News Press


Failing economy puts Caloosahatchee cleansing at risk


By Ryan Hiraki


December 16, 2008


The failing economy and subsequent budget crunch could slow the implementation of an initiative to cleanse the Caloosahatchee River, despite unanimous support for the plan Monday from state water managers.

That plan will cost hundreds of millions of dollars and require a team effort, from the South Florida Water Management District, the Florida Department of Environmental Protection and local governments — primarily Lee County, where the river empties into San Carlos Bay.

“It will be a challenge at all levels” to secure money, said Kurt Harclerode, operations manager with the county’s division of natural resources.

The plan will require the construction of water storage and treatment areas north and south of the Caloosahatchee and studies to determine how to limit pollutants such as fertilizer. This will fall in line with water quality standards the state Department of Environmental Protection is expected to create by the end of next year.

The Caloosahatchee, after the 2004 and 2005 hurricane seasons, carried fresh water and pollutants from Lake Okeechobee to Lee’s coastline, chasing people from beaches that are an essential piece of the county’s annual $2 billion tourism industry.

With the water management district on board, the place everyone will be turning to now is the Legislature.

That will likely be a tough sell as the state faces a $2.3 billion shortfall. Lawmakers will convene in special session Jan. 5 to discuss the state’s financial budget.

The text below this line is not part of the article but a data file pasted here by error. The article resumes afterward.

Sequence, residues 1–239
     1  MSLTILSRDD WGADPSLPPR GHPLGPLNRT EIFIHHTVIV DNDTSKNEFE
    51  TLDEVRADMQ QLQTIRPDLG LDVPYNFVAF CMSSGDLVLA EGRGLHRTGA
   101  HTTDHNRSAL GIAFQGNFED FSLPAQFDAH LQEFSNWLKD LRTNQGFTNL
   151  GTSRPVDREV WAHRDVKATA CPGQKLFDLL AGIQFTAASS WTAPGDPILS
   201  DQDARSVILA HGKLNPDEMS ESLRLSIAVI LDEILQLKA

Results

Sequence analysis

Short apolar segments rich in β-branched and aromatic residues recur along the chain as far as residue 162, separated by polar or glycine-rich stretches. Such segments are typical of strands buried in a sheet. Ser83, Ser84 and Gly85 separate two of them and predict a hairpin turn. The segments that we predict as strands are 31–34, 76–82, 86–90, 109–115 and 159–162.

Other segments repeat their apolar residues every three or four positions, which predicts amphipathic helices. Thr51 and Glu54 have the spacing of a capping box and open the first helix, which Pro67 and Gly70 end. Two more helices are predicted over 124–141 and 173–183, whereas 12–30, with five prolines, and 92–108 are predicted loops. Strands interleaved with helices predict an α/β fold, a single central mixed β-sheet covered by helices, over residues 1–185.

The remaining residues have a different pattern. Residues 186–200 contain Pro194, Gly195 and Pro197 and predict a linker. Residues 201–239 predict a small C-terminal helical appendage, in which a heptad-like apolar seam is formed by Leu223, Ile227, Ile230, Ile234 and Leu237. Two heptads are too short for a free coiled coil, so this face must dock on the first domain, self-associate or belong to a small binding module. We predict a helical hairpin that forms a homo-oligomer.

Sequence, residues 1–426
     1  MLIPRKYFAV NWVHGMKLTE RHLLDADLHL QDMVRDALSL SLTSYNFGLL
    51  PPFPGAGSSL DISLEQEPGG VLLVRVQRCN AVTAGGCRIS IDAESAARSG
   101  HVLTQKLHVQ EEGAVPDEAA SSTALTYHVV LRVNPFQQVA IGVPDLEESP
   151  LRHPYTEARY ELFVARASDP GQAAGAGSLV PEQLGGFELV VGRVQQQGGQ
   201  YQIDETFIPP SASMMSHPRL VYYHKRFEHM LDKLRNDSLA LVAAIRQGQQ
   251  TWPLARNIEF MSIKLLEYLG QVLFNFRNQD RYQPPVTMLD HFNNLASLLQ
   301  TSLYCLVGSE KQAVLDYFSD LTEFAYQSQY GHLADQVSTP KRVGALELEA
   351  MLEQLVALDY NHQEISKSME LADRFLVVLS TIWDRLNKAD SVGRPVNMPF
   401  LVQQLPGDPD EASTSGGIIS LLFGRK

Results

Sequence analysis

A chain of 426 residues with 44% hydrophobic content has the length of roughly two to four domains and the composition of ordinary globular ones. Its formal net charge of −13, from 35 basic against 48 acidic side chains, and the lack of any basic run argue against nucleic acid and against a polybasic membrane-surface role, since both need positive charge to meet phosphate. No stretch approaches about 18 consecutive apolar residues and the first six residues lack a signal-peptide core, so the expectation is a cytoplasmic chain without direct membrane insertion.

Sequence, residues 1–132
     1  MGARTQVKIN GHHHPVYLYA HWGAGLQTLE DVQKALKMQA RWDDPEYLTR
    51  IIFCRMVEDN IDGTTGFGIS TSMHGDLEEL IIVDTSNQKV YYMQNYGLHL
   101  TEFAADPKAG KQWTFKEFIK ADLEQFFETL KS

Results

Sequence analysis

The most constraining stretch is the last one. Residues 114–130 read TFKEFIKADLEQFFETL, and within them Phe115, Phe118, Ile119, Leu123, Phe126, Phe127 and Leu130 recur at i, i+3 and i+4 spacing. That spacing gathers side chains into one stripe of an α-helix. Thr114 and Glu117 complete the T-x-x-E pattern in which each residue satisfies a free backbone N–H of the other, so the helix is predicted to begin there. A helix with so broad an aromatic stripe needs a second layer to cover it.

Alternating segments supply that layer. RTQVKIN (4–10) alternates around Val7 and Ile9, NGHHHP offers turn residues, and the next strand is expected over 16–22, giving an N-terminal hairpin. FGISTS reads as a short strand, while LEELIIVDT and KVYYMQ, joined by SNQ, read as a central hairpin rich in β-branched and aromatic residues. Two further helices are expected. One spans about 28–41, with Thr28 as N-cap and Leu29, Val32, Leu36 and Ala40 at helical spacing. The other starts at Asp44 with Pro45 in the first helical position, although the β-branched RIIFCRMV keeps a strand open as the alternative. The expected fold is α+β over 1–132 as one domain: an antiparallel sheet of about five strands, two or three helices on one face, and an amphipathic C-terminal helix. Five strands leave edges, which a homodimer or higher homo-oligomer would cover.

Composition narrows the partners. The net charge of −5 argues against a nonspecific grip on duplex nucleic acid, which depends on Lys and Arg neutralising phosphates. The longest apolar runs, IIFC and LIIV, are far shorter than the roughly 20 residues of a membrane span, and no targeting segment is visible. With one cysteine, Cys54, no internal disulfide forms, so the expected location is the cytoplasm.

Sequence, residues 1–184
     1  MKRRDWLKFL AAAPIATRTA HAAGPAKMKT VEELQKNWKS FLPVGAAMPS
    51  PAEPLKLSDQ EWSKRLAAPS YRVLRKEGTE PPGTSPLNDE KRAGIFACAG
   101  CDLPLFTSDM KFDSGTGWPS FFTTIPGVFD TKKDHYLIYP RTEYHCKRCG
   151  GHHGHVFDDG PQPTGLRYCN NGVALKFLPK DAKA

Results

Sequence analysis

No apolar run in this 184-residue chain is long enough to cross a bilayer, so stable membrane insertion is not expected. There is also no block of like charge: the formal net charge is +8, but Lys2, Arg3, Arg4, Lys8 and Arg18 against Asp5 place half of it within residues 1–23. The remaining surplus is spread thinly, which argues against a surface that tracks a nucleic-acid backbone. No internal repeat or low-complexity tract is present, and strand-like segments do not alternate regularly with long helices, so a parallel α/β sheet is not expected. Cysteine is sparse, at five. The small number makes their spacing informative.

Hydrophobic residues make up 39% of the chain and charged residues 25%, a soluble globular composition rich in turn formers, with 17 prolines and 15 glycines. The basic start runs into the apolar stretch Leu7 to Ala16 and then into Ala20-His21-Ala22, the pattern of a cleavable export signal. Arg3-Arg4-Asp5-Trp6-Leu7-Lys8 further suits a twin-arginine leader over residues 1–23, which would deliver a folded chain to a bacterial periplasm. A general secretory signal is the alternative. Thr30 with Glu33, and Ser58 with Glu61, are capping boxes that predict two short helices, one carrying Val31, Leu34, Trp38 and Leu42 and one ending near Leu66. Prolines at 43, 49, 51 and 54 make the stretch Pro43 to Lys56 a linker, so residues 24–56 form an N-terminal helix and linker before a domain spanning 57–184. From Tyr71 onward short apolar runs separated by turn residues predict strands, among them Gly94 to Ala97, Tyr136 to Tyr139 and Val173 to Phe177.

Lawmakers, led by former Sen. Burt Saunders, R-Naples, passed the Northern Everglades Restoration bill in 2007, which includes restoring areas around the Caloosahatchee. The bill requires state environmental managers to designate at least $5 million for projects that improve water quality in waterways such as the Caloosahatchee, and water managers and Lee officials to each match the state’s $5 million through 2020.

The money the bill generates would serve as a boost to the tens of millions of dollars Lee County and water management district officials already have spent on environmental projects in the area, such as the C-43 reservoir in Hendry County, a $500 million project along the Caloosahatchee that still needs federal dollars for construction.

But during the upcoming budget year, lawmakers face the challenge of designating at least $5 million for restoration. This year, Gov. Charlie Crist directed every department to cut 10 percent from their budgets, after legislators cut more than $4 billion from the budget this past spring.

“There are going to be some serious and painful cuts this year and there are no easy decisions,” said state Sen. Dave Aronberg, D-Greenacres, whose district includes Lee County and stretches across the state to Palm Beach County. “Everything is on the table because of our state’s budget crisis.”

Do not expect a sudden influx of cash either, not like last year when the Legislature was able to find $300 million to help the state’s Florida Forever land preservation program.

House Speaker Ray Sansom, R-Destin, and Senate President Jeff Atwater, R-Palm Beach Gardens, told their colleagues there would be no “community-issue budget requests” or “c-birs” this year, projects known as pork or turkeys in Washington.

“There won’t be any windfalls this year,” Aronberg said.

But there are a couple of positives.

Jennifer Nelson, an environmental manager with the Department of Environmental Protection’s Fort Myers office, said the work already done around the Caloosahatchee gives officials a good start.

“The idea is for these efforts to dovetail and work together,” she said.

And Aronberg hinted of potential good news coming out of the Capitol this year.
“I’m optimistic,” he said. Projects tied to Everglades restoration “have traditionally been a bipartisan priority in Tallahassee.”